Selma Sobelman wants to know. She booked a Panama Canal cruise through Overseas Adventure Travel, with the understanding that she’d have 30 days to cancel her trip, if necessary. But when she called the whole thing off, she learned the truth.
“We were told we would lose our deposits,” she says.
Did OAT misinform Sobelman when she made the original booking, and if so, should it refund her $500 deposit?
We received “Cancellation Claim” Forms from Trip Mate, which said we could only be reimbursed for reasons of death or illness. None of
this was disclosed to us at the time of booking. My friend is 85 years old and I am 78.
We feel this is an arbitrary and unfair way to do business. Could you help us with this?
Read more “Cancellation denial called “arbitrary and unfair” — but is it wrong?”
Question: I need your help getting a refund for a single supplement that I don’t think I should have to pay. With a friend, I recently booked an Africa trip through Overseas Adventure Travel. We’re both in our mid-60s, so I bought trip insurance.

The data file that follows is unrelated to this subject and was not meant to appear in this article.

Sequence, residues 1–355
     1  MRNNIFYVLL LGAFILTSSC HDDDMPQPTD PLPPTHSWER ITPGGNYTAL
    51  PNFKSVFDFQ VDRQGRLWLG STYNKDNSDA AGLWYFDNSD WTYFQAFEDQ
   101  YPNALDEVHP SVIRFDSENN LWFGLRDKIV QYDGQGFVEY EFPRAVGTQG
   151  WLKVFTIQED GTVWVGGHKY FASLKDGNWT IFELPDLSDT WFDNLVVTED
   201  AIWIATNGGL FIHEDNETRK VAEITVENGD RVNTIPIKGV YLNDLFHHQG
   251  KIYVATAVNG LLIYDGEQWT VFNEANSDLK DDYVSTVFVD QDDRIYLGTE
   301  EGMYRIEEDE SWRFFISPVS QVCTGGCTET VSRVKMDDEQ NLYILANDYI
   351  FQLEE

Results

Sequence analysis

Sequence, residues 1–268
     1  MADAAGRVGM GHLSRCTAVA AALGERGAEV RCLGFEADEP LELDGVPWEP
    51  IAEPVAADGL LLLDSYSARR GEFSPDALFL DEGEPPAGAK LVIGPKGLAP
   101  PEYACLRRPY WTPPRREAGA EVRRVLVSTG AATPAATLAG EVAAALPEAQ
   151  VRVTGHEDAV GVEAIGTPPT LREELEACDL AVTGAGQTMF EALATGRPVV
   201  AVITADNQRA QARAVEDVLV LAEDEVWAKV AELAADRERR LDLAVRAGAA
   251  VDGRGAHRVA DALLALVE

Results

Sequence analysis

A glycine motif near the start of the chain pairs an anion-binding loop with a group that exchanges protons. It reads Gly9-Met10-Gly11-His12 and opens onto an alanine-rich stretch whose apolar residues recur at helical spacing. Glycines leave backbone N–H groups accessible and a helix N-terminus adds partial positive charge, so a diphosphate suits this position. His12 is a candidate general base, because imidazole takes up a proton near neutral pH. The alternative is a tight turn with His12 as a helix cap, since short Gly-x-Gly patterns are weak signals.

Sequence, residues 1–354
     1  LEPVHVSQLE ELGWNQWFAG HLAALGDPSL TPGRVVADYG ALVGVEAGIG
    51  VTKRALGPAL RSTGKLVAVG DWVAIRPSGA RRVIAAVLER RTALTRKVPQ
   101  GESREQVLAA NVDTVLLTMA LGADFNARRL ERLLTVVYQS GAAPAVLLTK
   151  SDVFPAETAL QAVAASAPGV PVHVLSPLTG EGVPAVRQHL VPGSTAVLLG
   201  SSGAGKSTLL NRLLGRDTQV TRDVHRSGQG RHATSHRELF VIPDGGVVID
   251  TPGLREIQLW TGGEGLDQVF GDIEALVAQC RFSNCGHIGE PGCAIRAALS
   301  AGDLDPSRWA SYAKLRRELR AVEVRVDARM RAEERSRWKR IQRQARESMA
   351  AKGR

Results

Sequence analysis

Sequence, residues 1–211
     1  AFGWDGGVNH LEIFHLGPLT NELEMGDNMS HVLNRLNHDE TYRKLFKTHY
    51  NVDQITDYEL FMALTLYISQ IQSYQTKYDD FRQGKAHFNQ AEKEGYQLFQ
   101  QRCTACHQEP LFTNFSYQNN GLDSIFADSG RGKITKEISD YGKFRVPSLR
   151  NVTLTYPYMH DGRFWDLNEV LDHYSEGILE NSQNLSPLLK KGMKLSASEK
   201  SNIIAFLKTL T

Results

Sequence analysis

My friend, with the philosophy of “if anything bad happens, I’ll pay for it,” did not. Two weeks before we were supposed to leave, I started getting back pains and my doctor recommended that I not take this trip. My insurance company reimbursed me in full.
My problem is that when I notified Overseas Adventure Travel of my cancellation, they demanded that my friend pay a $375 single supplement, and if she didn’t, they threatened to cancel her trip that day. I paid the supplement, since she was out of town.
My friend asked Overseas Adventure Travel to refund the supplement, but it refuses. What should I do? — Sue Koopman, San Francisco
Answer: It was nice of you to cover your friend’s single supplement. It was not nice of Overseas Adventure Travel to threaten to cancel her trip unless you forked over another $375.
Read more “Socked for my friend’s single supplement”